January 14, 2010 / 1:10 PM / in 9 years

PENPIX-Possible candidates for Guinean PM job

By Saliou Samb

CONAKRY, Jan 14 (Reuters) - The military junta that rules Guinea, the world’s biggest bauxite exporter and a linchpin for stability in the West Africa, has begun talks with opposition figures about forming a government of national unity.

Caretaker junta leader Sekouba Konate has pledged to work with a prime minister drawn from the opposition and move towards democratic elections.

However the plan could still be scuppered by junta leader Captain Moussa Dadis Camara, who is now in Burkina Faso after a month-long convalescence in Morocco following an assassination bid and who now wants to return to Guinea to resume rule.

Following are the main contenders for prime minister:



ALPHA CONDE

Conde, a septuagenarian former law teacher, is leader of the Assembly of Guinean People (RPG), the country’s main opposition party, and an ever-present anti-government figure.

Sentenced to death in absentia by Sekou Toure, Guinea’s first post-independence ruler, he later stood against President Lansana Conte in elections in 1993, and was arrested for sedition before the poll in 1998. Conde is close to Bernard Kouchner, Foreign Minister of former colonial power France.

CELLOU DALEIN DIALLO

After a decade working at Guinea’s central bank, Diallo joined Lansana Conte’s government in the mid-1990s, holding several offices before being appointed prime minister in late 2004. Conte sacked him in 2006 soon after giving him greater powers, a move which was seen as appeasing a military wary of a strong prime minister.

After his dismissal he became leader of opposition group the Union of Guinean Democratic Forces (UFDG), though some Guineans still associate him closely with the Conte regime.

Present at the Sept. 28 massacre by security forces of more than 150 unarmed pro-democracy marchers, Diallo sustained three broken ribs in the violence, medical sources said.



JEAN-MARIE DORE

Leader of the Union for the Progress of Guinea (UPG), 70-year old Dore is a longstanding opposition figure who came to prominence in the early 1990s. He unsuccessfully stood against Conte in elections in 1993 and 1998, and unlike many opposition figures has never served in government.

A prominent member of pro-democracy and civil society umbrella group the Forum of Living Forces (FFV), he has taken a lead role in negotiations with Camara’s National Council for Democracy and Development (CNDD) junta. Like Camara, he comes from one of the minority ethnic groups of the Forestiere region.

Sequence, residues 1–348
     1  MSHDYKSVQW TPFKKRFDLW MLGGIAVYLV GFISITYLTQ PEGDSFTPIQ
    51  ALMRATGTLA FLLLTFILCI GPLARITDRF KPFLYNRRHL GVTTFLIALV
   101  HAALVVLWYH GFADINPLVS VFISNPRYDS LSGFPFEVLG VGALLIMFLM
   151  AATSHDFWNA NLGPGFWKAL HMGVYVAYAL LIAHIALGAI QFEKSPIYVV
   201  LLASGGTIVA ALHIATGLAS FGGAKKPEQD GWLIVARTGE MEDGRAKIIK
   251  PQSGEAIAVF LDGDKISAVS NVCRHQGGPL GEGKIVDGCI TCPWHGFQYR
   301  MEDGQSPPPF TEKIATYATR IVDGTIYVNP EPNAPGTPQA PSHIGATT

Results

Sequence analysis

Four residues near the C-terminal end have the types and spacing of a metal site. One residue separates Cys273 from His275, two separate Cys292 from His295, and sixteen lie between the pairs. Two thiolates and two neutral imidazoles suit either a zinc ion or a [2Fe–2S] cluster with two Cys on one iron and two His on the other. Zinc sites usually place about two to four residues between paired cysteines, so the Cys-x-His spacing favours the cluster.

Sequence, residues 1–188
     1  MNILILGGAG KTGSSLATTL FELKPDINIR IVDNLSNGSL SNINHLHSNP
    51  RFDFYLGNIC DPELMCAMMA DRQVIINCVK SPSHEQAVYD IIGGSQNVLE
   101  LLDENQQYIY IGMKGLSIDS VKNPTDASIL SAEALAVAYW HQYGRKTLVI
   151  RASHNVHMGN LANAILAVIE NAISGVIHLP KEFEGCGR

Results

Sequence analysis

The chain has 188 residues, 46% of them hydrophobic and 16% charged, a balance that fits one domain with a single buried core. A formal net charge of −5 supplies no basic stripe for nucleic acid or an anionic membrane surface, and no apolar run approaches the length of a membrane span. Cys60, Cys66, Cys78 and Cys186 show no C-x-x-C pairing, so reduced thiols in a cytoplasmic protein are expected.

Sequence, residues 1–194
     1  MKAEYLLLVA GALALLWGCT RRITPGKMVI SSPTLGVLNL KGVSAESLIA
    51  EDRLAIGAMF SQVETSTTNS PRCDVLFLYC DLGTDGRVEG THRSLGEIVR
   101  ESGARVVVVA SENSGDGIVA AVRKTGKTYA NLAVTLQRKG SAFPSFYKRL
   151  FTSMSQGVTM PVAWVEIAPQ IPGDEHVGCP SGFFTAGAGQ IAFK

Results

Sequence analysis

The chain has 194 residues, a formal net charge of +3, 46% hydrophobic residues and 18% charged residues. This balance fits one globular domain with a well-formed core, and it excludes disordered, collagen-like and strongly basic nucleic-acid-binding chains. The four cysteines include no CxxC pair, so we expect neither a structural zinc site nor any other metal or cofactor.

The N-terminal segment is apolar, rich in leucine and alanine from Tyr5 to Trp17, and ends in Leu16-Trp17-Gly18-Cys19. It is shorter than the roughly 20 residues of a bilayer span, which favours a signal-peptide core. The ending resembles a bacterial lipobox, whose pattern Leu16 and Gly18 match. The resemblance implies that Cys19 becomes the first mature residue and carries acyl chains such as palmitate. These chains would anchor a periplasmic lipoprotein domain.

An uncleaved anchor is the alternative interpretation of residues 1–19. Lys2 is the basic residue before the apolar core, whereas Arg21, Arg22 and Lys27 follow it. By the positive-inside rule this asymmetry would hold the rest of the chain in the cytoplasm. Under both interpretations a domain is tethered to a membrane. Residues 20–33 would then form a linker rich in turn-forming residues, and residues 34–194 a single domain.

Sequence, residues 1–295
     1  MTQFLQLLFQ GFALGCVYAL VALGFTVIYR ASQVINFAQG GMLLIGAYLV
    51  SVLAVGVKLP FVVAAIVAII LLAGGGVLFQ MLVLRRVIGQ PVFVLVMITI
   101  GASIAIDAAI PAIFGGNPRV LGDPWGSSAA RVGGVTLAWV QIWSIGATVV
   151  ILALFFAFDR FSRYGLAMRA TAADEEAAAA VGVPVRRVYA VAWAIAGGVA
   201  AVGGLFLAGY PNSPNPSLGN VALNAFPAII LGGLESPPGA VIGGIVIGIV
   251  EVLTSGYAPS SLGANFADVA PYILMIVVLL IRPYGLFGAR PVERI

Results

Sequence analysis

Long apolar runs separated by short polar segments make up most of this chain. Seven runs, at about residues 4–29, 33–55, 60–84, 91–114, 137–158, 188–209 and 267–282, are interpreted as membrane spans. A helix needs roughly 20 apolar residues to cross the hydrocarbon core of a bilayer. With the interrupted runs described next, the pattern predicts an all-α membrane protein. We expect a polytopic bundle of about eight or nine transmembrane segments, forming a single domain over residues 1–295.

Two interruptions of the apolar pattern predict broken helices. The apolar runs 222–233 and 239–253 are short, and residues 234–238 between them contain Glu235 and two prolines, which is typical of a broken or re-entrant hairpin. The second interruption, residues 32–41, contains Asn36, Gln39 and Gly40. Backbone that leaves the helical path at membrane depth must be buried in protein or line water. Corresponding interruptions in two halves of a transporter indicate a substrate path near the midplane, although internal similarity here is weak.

FRANCOIS LONCENY FALL

A heavyweight diplomat, Fall served in various official posts in Paris, New York, Lagos and Cairo before representing Guinea at the United Nations between 2000 and 2002, and was appointed Foreign Minister in 2002.

He acted as President of the U.N. Security Council in March 2003 and in 2005 was chosen by Kofi Annan as his Special Representative for Somalia. Fall was appointed prime minister of Guinea in early 2004, but resigned only months later.

Fall has something of a reputation as a playboy and is widely thought to seek the presidency, but as head of the United Front for Democracy and Change (FUDEC), he has said he would put his personal goals on hold. "In the interest of the country, I am ready to set to one side my own ambitions," he told journalists.



SIDYA TOURE

Toure, head of the Union of Republican Forces (UFR), is seen by many opposition figures and supporters as a front runner for the position.

He is experienced in the upper echelons of government, having already served as prime minister between 1996 and 1999, during which time he made a name for himself by tackling problems with Guinea’s electricity provision network, and for opening dialogue between Guinea and donor countries.

He also worked as cabinet director for Ivory Coast’s then prime minister Alassane Ouattara.

Some Guineans view Toure as excessively self-regarding, a trait which has alienated him from some former allies. Many also resent him for having backed despised former strongman Lansana Conte, who ruled Guinea for decades, by saying "Conte, I am following in your footsteps."

(Writing by Daniel Magnowski; Editing by Giles Elgood)





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